Hospital wait times in BC increased again for the fourth year in a row, with the average time now sitting at 25.2 weeks—the longest ever measured in the province.
These are the latest figures from a new, recently released report by the Fraser Institute that looked at the total wait time faced by patients across 12 medical specialties: From referral by a general practitioner (i.e. family doctor), to consultation with a specialist, to when the patient is finally treated.
The average wait time in Canada now sits at 20 weeks – again, the longest ever recorded, since 1993, when the Fraser Institute began recording wait times.
That time varied though, depending on what treatment was required. Wait times were longest for neurosurgery (46.9 weeks) and shortest for medical oncology (3.7 weeks).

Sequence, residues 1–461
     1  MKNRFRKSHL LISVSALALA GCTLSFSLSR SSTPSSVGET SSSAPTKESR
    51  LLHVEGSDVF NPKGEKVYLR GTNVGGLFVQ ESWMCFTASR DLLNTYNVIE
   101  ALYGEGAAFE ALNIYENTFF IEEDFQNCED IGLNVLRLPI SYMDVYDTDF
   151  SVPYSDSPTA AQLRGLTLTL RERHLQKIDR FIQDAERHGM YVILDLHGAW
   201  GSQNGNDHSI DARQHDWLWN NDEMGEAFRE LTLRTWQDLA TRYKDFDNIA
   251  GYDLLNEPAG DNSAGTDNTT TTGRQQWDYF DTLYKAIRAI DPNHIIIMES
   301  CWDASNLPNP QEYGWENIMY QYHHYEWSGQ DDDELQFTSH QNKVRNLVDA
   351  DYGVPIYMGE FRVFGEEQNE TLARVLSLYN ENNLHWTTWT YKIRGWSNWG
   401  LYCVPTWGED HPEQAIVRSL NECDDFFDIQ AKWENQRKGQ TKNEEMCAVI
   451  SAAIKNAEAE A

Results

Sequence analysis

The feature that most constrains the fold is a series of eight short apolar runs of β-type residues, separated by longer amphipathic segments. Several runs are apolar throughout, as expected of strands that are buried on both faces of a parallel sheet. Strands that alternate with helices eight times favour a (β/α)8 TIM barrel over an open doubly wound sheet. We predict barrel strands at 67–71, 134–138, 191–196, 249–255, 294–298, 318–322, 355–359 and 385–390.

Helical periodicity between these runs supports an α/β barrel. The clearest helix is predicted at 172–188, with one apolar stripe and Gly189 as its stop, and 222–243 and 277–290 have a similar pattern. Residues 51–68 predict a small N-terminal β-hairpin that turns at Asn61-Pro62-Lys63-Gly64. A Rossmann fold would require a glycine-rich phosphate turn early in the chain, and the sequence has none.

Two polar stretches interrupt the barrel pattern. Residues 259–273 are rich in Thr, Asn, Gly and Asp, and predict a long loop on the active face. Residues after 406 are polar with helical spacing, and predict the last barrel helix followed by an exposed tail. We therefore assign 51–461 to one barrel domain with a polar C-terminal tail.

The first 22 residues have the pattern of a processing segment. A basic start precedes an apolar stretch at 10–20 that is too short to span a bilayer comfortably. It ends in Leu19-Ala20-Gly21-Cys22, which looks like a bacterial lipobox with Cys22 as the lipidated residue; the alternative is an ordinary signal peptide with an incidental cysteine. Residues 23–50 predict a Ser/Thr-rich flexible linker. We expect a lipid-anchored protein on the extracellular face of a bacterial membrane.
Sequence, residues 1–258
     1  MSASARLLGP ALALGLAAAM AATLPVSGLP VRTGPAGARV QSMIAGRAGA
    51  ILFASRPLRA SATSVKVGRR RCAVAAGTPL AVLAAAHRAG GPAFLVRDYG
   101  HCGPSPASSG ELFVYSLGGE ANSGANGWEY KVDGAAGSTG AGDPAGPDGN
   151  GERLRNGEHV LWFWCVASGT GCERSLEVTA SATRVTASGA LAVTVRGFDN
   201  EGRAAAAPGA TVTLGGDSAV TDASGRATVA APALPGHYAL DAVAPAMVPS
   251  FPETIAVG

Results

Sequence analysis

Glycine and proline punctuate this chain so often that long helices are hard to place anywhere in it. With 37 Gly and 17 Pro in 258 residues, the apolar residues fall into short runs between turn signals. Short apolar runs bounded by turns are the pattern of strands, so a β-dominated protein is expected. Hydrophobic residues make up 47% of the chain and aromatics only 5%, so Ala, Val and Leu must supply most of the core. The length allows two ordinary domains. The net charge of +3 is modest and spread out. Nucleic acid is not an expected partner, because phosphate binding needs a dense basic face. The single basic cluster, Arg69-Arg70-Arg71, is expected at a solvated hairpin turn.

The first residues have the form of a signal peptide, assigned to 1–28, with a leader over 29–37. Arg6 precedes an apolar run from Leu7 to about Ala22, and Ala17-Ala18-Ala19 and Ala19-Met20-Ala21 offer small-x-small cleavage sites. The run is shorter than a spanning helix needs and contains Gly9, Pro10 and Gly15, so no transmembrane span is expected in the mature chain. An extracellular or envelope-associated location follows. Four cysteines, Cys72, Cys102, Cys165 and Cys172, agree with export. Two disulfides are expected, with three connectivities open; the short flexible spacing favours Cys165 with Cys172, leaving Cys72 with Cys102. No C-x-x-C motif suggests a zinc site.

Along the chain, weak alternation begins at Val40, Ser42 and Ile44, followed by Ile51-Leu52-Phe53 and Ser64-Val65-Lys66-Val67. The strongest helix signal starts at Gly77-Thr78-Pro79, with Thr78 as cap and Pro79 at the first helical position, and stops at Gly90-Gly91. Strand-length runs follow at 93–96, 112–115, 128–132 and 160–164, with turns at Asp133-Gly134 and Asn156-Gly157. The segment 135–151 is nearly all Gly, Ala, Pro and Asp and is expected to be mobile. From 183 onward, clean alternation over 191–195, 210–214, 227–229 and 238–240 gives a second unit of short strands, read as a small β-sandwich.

“Excessively long wait times remain a defining characteristic of Canada’s health-care system,” said Bacchus Barua, senior economist for health-care studies at the Fraser Institute and co-author of Waiting Your Turn: Wait Times for Health Care in Canada, 2016.
But this year is “the longest we’ve ever seen and that should trouble all Canadians.”
Throughout the rest of the country, Ontario recorded the shortest wait time at 15.6 weeks—up from 14.2 weeks in 2015. New Brunswick recorded the longest wait time (38.8 weeks) in Canada.
And it’s estimated that right now, Canadians are waiting for nearly one million “necessary medical” procedures.
“Long wait times aren’t simply minor inconveniences, they can result in increased suffering for patients, lost productivity at work, a decreased quality of life, and in the worst cases, disability or death,” Barua said. “It’s time for policymakers to consider reforming the outdated policies that contribute to long wait times in Canada.”